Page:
Now there’s a term you may not be familiar with. First there was hijacking of planes, then we coined the term car-jacking; and now it has moved to cyberspace. You might wonder why in the world someone would want to steal your domain name. Well, when you consider how valuable some of those names can be, the crime becomes understandable. Domain names like business.com, porn.com, movies.com, and so on are worth millions (they’ve actually sold for that much over the last decade)!
So, with that in mind, how does domain name hijacking occur, and what can you do to prevent or correct it? Now, first and foremost, domain hijacking is different from merely reregistering a domain name where the registration has expired and someone takes it over. That is perfectly legal. In the case of hijacking, a thief tricks the domain registrar into changing the registration information for the domain name to their name. Normally, this is but the final stage in a case of identity theft. So, if you find that a domain name of yours has been stolen, don’t just work to get it corrected; you also need to contact your bank, credit cards, and so on. Any unusual activity with any of your accounts needs to be investigated and halted.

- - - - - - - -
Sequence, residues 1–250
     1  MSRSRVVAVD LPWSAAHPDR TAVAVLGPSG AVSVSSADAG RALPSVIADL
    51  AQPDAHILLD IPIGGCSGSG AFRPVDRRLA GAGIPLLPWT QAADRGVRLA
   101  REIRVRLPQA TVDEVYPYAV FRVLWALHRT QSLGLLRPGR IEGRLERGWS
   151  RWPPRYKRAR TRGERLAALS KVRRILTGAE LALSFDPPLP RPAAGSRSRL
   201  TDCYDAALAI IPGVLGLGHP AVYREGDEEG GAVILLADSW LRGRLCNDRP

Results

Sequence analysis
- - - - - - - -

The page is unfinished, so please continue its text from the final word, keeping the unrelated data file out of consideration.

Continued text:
In a typical case of hijacking, an individual will file some sort of false documents with the domain registrar to convince them that they are now the legitimate owner. Once this theft is discovered, the reaction from some domain registrars can be difficult to deal with. A lot are more than willing to quickly correct the matter, but some are absolutely adamant about not admitting to any fault on their part. These days, with people worried about lawsuits, some companies are loathed to admit that they accepted forged credentials. So, you may have to threaten, or even carry out, legal action in order for the domain registrar to correct the matter.
In some cases, people will not bother to take action against a hijacker. If the domain registrar is highly resistive to helping, a lengthy and complex lawsuit may have to be carried out. In that case, you may look at the situation and realize that the time and money you have to devote to getting your domain name back is too costly to justify. And, when you consider that the internet allows people around the world to hijack a website, your theft could be half a world away; this makes a lawsuit extremely difficult. Meanwhile, the whole time that you’re fighting to get your domain name back, the thief can do anything that they want with it. They can re-name the website, re-direct traffic to their website, and make money off of it.
So, when selecting a domain registrar, talk to them about the security measures they have in place. Ideally, you want them to at least use an authorization code. This may mean paying a bit more for your website, but – in the long run – it can prove beneficial. If your website is part of your livelihood, to lose it means to lose your income. So, you must protect it as you would your home and business – with security.
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